Volume 632, December 2019
|Number of page(s)||16|
|Published online||25 November 2019|
Tomography of cool giant and supergiant star atmospheres
European Southern Observatory,
85748 Garching bei München,
2 Institut d’Astronomie et d’Astrophysique, Université Libre de Bruxelles, CP. 226, Boulevard du Triomphe, 1050 Bruxelles, Belgium
3 Université Côte d’Azur, Observatoire de la Côte d’Azur, CNRS, Lagrange, CS 34229, 06304 Nice Cedex 4, France
4 Department of Physics and Astronomy at Uppsala University, Regementsvägen 1, Box 516, 75120 Uppsala, Sweden
5 Laboratoire Univers et Particules de Montpellier, Université de Montpellier, CNRS, 34095 Montpellier Cedex 05, France
Accepted: 9 October 2019
Context. Red supergiants are cool massive stars and are the largest and the most luminous stars in the Universe. They are characterized by irregular or semi-regular photometric variations, the physics of which is not clearly understood.
Aims. The paper aims to derive the velocity field in the red supergiant star μ Cep and to relate it to the photometric variability with the help of the tomographic method.
Methods. The tomographic method allows one to recover the line-of-sight velocity distribution over the stellar disk and within different optical-depth slices. This method was applied to a series of high-resolution spectra of μ Cep, and these results are compared to those obtained from 3D radiative-hydrodynamics CO5BOLD simulations of red supergiants. Fluctuations in the velocity field are compared with photometric and spectroscopic variations, the latter were derived from the TiO band strength and serve, at least partly, as a proxy of the variations in effective temperature.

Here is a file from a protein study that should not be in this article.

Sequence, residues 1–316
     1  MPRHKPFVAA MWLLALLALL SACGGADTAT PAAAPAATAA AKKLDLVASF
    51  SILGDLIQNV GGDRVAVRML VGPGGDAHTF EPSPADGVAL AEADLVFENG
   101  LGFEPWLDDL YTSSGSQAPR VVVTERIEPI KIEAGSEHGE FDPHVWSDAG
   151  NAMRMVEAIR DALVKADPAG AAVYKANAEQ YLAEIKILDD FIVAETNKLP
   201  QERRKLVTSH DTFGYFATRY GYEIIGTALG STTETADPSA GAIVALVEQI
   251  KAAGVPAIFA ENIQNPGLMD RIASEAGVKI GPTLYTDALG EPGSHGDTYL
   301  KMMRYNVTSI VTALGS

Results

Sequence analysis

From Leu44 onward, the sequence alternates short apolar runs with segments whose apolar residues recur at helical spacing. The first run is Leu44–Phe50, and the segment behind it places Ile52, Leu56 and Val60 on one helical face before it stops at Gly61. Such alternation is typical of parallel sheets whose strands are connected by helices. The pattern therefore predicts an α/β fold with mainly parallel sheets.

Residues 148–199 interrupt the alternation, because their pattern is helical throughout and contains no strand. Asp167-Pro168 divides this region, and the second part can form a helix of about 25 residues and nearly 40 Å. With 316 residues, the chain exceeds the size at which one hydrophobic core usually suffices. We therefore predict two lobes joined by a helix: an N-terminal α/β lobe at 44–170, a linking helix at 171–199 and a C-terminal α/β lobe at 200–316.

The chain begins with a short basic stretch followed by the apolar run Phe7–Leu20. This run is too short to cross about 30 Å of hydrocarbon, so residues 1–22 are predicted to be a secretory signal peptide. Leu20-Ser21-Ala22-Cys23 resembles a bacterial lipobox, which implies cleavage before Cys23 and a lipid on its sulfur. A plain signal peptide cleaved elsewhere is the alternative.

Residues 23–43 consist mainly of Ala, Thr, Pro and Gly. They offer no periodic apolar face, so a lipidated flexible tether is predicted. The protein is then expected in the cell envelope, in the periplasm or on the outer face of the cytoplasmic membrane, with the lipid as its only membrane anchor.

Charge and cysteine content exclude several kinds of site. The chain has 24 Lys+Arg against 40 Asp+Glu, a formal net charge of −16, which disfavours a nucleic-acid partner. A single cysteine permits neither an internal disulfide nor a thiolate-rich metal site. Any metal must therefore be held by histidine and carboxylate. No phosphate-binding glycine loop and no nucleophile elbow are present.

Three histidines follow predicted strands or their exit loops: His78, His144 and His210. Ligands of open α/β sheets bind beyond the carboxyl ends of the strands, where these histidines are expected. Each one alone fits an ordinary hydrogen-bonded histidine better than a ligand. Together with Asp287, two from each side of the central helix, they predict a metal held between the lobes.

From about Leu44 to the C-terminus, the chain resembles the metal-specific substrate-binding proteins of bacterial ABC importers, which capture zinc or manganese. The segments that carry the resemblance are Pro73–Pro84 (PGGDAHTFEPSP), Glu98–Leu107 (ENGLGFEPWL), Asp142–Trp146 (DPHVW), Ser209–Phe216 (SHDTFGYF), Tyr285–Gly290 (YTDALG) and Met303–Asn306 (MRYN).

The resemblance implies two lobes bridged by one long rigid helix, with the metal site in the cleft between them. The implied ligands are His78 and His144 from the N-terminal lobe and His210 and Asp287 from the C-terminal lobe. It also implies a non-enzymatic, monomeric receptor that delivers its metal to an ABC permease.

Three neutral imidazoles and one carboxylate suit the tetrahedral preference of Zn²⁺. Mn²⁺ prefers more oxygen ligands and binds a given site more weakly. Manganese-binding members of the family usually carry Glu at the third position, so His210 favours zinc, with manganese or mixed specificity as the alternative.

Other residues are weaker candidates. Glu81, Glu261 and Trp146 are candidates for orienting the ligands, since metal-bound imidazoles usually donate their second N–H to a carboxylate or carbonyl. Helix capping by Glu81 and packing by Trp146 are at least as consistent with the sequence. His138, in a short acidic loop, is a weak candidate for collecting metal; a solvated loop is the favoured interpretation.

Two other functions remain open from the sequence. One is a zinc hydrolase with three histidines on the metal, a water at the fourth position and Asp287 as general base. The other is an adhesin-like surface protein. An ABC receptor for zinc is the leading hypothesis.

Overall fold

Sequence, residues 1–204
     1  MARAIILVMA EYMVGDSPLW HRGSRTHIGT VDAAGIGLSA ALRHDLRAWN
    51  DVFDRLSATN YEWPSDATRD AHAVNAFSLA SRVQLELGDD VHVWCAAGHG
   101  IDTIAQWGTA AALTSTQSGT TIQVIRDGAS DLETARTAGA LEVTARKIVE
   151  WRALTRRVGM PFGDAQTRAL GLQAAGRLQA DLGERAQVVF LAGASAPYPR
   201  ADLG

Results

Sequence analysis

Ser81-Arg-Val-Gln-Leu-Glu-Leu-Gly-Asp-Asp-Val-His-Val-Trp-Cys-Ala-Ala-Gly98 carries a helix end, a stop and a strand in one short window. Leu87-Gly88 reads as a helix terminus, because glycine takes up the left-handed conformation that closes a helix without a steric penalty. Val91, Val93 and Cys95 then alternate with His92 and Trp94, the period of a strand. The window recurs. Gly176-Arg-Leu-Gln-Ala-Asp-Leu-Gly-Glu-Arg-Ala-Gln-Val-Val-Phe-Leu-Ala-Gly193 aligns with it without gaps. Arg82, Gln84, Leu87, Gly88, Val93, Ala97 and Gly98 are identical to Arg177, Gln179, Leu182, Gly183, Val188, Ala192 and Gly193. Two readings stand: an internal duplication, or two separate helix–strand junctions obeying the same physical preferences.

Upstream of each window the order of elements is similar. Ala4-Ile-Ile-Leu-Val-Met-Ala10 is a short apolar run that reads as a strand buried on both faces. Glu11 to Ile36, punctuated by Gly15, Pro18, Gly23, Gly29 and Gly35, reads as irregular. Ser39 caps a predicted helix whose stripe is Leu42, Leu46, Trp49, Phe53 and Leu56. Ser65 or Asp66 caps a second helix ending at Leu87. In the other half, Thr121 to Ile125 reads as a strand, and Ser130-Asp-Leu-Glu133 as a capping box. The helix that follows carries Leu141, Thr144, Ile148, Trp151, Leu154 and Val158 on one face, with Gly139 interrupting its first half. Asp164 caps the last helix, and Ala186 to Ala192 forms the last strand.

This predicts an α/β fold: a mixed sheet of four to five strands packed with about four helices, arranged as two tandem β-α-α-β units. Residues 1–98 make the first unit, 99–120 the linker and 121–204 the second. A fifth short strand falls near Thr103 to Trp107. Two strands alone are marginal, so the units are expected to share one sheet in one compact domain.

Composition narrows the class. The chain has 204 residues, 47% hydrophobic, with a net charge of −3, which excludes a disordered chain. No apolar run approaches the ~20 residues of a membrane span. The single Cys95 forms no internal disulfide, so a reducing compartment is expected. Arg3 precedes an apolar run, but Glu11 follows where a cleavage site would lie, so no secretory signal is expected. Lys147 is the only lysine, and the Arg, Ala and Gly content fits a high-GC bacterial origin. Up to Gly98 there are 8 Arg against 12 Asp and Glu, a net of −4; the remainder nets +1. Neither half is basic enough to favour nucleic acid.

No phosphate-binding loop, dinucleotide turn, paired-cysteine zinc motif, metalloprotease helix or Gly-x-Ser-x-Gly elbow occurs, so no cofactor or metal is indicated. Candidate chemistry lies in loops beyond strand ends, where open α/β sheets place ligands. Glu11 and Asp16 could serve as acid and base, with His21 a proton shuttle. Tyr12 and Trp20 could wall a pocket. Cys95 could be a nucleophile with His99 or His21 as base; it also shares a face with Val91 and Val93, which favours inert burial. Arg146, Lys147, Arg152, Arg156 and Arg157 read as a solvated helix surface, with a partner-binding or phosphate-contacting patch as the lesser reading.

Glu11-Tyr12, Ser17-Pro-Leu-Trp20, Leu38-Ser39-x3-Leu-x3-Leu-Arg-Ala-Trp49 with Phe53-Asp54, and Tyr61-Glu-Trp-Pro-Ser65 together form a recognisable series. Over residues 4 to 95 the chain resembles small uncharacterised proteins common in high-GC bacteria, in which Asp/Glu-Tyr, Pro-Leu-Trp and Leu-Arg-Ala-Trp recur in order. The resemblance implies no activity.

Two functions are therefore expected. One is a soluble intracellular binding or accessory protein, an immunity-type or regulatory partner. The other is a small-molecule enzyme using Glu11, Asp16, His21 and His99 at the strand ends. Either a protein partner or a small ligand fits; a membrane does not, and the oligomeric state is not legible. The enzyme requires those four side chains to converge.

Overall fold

Results. The tomographic method reveals a phase shift between the velocity and spectroscopic and photometric variations. This phase shift results in a hysteresis loop in the temperature – velocity plane with a timescale of a few hundred days, which is similar to the photometric one. The similarity between the hysteresis loop timescale measured in μ Cep and the timescale of acoustic waves disturbing the convective pattern suggests that such waves play an important role in triggering the hysteresis loops.
Key words: stars: atmospheres / stars: AGB and post-AGB / supergiants / line: formation / radiative transfer / techniques: spectroscopic
The movie associated to Fig. 13 is available at http://www.aanda.org
© ESO 2019
Current usage metrics show cumulative count of Article Views (full-text article views including HTML views, PDF and ePub downloads, according to the available data) and Abstracts Views on Vision4Press platform.
Data correspond to usage on the plateform after 2015. The current usage metrics is available 48-96 hours after online publication and is updated daily on week days.
Initial download of the metrics may take a while.